The age and sex distributions of the two groups are shown in Table 2. All subjects were chosen from the same pool of patients and were selected to represent similar malocclusions, extraction frequency, and treatment mechanics as in Group 1 (Tables 2 and 3). All had healthy periodontal support pre- and posttreatment. The subjects were not consecutively treated cases.
Subjects in each group had their retainer fitted within one week of having their lower fixed appliance removed. Each retainer was constructed in the laboratory on a working model by a qualified dental technician.
All subjects had study models taken at the beginning (T0) and end of active treatment (T1) and were recalled for study models to be taken at least one year after completion of active treatment (T2). All the patients initially identified as fulfilling the study criteria were willing to return for further records. A total of 58 patients, 29 in each group, took part in the study.
In each case the clinicians and supervisors names were recordedas well as any supplemental retainers used in the bonded retainer group (Group 1) patients.
One investigator measured the contact point displacements of the lower labial segment (between the mesial canine contact points) at T0, T1, and T2 from the study models using a reflex microscope. A computer program was developed which permitted data entry to an Excel spreadsheet for later analysis. From these measurements, Little's index,24 ie, the summed contact point displacement in the lower labial segment, was calculated for each model.
Twelve models from the original sample were randomly selected six weeks after the original measurements were recorded in order to assess the repeatability and method error for the measurement.
The Shapiro-Francia test was used to test for normality, and it indicated that the data were not normally distributed. Therefore, nonparametric tests were used with a predetermined significance of α = .05. The summary data are shown in Table 2. The Lin's concordance correlation coefficient was used to assess the method error. Reproducibility of measurement was found to be excellent as shown by the line of concordance (Figure 3).
Comparison of the Two Sample Groups
The groups were similarly matched for malocclusions, extraction frequency, and treatment mechanics (Tables 3 and 4). There appeared to be no consistent pattern in operator or supervisor preference for the type of retainer selected. The small numbers involved precluded further investigation of retainer preference.
The Mann-Whitney U-test demonstrated no statistically significant difference between the two groups with respect to the amount of initial crowding present in the lower labial segment (T0) (P = .65). There was also no statistically significant difference (P = .12) in the time between T1 and T2 (ie, length of monitored retention) which was found to be 17.4 months ± 4.3 months (Group 1) and 15.7 months ± 4.9 months (Group 2).
The mean age of the subjects at the end of active treatment was 18 years 6 months ± 6 years 8 months (Group 1) and 15 years 4 months ± 3 years 3 months (Group 2). The mean age at both the start and end of treatment was higher in the bonded retainer group (P = .02).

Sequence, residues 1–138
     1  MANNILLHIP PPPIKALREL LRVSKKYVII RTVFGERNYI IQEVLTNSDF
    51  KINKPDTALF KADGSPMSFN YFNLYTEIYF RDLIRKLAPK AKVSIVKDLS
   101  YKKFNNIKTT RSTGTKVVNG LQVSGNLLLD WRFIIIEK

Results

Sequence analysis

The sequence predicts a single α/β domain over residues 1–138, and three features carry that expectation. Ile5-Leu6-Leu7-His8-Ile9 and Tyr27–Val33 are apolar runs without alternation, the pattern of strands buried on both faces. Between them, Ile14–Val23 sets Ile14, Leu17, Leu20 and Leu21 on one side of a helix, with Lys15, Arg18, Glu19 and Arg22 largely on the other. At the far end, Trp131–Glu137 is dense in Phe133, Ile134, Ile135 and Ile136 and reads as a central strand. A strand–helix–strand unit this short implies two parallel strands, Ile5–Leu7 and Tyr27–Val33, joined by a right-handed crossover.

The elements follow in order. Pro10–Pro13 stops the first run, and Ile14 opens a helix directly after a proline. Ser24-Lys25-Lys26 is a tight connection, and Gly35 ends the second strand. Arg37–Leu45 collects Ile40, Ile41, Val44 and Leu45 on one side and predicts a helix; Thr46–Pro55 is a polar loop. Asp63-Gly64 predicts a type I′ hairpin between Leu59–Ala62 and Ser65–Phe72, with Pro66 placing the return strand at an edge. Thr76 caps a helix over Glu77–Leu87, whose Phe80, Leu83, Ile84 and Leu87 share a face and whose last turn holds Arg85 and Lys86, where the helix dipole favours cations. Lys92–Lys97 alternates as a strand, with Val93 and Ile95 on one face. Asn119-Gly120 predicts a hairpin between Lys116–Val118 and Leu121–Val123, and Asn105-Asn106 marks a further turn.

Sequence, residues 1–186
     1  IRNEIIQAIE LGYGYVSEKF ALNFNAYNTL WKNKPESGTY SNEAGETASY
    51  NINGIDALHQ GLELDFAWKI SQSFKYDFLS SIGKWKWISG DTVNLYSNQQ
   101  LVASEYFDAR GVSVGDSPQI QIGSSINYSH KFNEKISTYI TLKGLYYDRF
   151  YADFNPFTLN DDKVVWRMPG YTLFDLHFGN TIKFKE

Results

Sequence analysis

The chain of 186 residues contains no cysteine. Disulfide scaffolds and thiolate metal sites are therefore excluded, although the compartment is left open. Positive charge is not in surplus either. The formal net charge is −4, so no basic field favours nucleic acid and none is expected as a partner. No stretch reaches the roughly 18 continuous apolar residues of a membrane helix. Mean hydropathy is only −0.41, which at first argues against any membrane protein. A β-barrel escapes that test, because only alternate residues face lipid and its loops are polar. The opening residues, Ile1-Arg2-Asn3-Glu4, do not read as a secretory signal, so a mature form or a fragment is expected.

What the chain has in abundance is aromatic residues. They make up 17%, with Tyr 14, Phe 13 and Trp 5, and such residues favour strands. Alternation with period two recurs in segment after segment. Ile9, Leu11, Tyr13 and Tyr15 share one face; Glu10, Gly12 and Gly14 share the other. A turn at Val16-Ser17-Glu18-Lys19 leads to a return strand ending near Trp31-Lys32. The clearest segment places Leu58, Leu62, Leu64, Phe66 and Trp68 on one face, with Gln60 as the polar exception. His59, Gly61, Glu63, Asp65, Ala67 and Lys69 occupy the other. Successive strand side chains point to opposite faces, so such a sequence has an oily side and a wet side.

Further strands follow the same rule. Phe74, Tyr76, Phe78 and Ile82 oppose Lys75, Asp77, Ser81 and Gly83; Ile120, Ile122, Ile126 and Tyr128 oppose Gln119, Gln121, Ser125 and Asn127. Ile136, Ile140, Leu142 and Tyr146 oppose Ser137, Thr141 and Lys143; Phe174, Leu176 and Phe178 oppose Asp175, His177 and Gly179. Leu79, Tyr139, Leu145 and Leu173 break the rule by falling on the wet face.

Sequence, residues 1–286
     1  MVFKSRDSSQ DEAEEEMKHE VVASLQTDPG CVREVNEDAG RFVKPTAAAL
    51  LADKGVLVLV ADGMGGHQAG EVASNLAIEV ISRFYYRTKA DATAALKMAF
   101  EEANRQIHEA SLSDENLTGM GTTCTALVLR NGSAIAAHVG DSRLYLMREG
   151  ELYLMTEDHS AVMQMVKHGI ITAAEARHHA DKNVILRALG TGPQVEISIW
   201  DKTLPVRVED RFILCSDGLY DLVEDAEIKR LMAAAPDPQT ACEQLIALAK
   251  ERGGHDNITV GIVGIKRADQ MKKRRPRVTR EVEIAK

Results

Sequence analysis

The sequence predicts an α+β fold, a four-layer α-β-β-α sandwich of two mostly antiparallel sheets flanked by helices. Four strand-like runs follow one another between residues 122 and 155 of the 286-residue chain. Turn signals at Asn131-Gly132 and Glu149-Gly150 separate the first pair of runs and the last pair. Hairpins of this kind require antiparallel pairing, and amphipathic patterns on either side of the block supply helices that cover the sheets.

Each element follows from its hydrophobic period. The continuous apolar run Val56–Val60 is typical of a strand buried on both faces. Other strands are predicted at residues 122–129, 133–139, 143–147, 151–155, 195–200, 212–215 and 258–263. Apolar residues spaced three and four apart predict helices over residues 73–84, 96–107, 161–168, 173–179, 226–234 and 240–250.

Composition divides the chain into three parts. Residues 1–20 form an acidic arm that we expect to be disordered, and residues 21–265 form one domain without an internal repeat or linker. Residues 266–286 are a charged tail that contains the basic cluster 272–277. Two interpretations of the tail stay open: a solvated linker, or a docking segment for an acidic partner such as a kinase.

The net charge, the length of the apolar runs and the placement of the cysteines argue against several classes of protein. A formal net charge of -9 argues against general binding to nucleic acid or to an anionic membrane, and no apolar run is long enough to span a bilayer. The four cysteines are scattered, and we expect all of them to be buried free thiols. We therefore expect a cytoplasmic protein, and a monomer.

Comparison of the Effectiveness of Retainers
Summary data for Little's index for each group at T1 and T2 are shown in Table 2 and in the boxplots in Figure 4. The Mann-Whitney U-test indicated that there was a small but significant difference between the groups at T1 (P = .003), suggesting that the tooth alignment was different between the two groups at the end of active treatment. Therefore, instead of analyzing the difference between the two groups at T2, the changes in Little's index within each of the two groups from T1 to T2 were compared. In this case no significant difference was found between the two groups (P = .13, Table 5), although the range of change within the removable retainer group was much larger than in the bonded retainer group.
Once again, using the Mann-Whitney U-test, within each of the two retainer groups a statistically significant difference in Little's index (relapse) occurred between T1 and T2 for both retainers (P = .001).
There appeared to be no consistent pattern in the choice of retainer used by either operator or supervisor. Reasons such as initial spacing, severe rotations, periodontal involvement, or the inclination of the lower labial segment have been proposed as influencing the choice of retainer.11,13,25 In this study there was no difference in the periodontal health or the amount of initial crowding in both groups. The higher average age at both the start and end of active treatment in the bonded retainer group might suggest that clinicians are more likely to place bonded retainers in adults, a view supported by others.21,25 Possibly, there is a greater perceived patient convenience and improved compliance with this type of retainer in adult patients.
In the present study, the irregularity in the lower labial segment at the time of fixed appliance removal (T1) was greater in the removable retainer group than in the bonded retainer group, suggesting a different level of finishing for the two groups of patients. It is possible that the level of finishing may have influenced the type of retainer chosen for patients in this study. However, the limited evidence available in this area suggests it is the initial malalignment that has the greater influence on clinicians' choice of retainer.26